The state of California has Spectrum Center classrooms in Los Angeles and the San Francisco area which are providing Emotional Disabilities and Behavioral Services. They provide academic classrooms for students who are actively working to improve grade-level standards and working toward getting their high school diploma. The main practice is the use of Positive Behavior Interventions and Supports (PBIS). PBIS instructional practices help students determine their skill level and progress, restore their skills through direct instruction, knowing the standards on their grade level and small group counseling.[23]



The state of Michigan has a Behavioral Education Center (BEC) in Bangor. Its purpose is to aid local schools directs with students between the ages of 5 and 26 years old with EBD's.[24] Along with having students use appropriate behaviors and skills to successfully return to their local school setting. Classroom programs, consultation, coaching, and professional development services are available within the school districts.[25]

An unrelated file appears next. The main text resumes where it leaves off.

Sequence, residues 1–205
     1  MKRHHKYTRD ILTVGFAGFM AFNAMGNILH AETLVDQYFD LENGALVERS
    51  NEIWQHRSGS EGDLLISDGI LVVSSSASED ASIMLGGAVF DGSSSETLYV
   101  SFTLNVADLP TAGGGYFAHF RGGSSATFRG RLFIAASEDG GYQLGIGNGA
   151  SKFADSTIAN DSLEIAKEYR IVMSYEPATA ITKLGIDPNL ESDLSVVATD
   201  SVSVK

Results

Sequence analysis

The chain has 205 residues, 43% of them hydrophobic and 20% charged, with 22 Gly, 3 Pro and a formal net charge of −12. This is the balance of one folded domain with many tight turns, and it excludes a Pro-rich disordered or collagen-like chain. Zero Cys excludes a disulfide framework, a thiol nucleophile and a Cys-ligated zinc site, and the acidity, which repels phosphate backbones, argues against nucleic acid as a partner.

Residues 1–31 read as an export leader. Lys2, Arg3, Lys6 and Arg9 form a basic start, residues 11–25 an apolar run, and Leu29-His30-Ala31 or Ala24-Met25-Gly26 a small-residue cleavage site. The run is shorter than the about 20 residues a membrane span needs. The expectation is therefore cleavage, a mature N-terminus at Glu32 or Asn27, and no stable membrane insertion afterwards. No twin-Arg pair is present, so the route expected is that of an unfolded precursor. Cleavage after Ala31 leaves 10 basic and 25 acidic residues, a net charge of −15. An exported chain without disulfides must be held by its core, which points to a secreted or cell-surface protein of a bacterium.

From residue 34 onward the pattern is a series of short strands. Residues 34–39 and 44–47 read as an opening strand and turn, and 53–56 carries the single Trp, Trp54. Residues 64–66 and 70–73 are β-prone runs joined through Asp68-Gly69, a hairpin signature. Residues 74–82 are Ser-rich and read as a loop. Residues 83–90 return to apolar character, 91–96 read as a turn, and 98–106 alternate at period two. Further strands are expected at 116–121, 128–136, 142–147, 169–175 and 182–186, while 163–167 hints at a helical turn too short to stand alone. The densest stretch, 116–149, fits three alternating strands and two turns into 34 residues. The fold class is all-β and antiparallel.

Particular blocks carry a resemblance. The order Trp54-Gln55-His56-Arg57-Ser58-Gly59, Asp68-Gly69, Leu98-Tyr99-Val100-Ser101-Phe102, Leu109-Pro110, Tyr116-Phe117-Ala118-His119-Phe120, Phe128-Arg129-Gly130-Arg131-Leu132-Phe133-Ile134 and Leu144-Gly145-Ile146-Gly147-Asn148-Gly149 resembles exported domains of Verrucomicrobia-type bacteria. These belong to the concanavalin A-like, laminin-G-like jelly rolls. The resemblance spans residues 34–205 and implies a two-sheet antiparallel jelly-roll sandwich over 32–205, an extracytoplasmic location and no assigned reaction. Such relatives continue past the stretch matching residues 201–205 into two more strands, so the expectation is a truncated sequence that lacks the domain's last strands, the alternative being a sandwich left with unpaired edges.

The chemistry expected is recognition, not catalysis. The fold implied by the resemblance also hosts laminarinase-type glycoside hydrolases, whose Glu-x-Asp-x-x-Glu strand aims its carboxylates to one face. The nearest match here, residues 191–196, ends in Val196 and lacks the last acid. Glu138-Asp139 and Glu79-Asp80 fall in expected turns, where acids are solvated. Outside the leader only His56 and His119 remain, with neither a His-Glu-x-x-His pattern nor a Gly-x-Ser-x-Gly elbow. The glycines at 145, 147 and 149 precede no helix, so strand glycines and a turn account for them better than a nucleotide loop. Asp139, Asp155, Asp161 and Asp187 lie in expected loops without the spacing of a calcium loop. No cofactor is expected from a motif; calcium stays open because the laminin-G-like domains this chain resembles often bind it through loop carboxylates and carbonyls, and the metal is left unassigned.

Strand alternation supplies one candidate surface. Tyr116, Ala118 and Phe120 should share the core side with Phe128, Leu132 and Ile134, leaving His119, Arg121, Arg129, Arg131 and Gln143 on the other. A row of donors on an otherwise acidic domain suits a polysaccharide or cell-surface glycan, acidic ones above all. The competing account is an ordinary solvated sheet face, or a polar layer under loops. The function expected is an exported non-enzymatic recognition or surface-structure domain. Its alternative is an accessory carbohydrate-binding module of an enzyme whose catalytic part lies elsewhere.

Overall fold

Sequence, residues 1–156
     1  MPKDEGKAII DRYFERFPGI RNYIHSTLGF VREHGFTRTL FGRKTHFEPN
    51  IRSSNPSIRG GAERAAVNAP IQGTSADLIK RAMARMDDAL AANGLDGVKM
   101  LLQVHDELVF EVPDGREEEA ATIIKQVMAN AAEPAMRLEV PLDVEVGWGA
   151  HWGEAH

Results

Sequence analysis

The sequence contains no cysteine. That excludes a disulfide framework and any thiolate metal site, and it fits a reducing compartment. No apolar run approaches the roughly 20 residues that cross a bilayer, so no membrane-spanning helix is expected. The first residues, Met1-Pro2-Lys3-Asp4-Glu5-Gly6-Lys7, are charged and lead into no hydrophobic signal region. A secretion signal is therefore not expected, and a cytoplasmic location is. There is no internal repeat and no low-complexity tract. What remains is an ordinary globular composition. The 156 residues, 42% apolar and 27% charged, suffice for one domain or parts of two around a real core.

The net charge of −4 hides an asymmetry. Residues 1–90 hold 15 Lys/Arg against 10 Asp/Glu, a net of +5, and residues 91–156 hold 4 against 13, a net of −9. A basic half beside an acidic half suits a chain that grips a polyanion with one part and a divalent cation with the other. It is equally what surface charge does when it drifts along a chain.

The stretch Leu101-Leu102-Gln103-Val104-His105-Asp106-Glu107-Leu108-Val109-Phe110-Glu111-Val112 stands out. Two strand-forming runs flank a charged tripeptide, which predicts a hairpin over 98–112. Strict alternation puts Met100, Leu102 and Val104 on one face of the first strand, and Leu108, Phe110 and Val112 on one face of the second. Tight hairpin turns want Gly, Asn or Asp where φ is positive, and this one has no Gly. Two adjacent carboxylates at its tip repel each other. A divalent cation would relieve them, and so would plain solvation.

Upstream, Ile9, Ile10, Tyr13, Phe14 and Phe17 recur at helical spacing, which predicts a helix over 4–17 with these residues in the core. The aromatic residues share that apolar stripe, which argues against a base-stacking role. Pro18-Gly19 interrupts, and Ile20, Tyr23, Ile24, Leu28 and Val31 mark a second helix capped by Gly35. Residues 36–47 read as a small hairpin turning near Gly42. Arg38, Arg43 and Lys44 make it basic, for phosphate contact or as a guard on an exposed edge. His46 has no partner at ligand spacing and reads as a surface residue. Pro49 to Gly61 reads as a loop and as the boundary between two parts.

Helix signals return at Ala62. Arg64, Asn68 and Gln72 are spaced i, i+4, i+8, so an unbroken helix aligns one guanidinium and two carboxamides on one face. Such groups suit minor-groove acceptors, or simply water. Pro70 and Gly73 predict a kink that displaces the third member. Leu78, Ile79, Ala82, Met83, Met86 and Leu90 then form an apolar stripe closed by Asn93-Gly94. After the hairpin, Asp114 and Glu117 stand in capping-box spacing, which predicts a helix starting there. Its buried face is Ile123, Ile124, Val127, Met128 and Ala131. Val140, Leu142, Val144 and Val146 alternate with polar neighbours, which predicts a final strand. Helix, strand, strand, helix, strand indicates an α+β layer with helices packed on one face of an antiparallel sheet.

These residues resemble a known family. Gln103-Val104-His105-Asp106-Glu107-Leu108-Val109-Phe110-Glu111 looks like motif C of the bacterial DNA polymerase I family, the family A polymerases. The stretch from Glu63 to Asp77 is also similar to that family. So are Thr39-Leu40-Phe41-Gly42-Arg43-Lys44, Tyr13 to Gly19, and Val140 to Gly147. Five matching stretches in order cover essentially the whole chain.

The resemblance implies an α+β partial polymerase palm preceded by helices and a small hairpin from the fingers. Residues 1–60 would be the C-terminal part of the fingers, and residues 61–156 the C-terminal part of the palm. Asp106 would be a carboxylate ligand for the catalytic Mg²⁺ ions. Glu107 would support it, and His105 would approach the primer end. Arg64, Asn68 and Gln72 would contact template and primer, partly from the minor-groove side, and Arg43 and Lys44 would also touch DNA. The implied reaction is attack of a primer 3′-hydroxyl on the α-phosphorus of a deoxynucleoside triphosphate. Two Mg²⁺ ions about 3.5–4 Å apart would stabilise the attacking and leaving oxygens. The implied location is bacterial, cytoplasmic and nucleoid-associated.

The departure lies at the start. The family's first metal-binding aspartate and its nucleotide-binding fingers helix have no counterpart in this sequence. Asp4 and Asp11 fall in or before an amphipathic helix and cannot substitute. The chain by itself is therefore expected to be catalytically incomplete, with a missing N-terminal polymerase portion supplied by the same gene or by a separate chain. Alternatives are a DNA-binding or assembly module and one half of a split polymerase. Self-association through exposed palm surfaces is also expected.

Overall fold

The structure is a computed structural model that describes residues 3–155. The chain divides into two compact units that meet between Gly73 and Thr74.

The state of Florida has Students with Emotional/Behavioral Disabilities Network (SEDNET). SEDNET projects across the state aid the local school districts to work with those at-risk of EBD's. “Dealing with adverse behavior in the educational environment,” it serves students who poorly function at home, school, or community due to drugs and substance abuse or mental health issues. SEDNET 2A Services: Family Services Planning Team (FSPT)- agencies, school officials and SEDNET meet with parents to assist and aid the child's poor performance at school and home. Positive Behavior Support providing technical assistance to promote positive behavior. Classroom Observation/Teacher Consultation- working with EBD children using successful strategies and tips in a classroom environment.[26]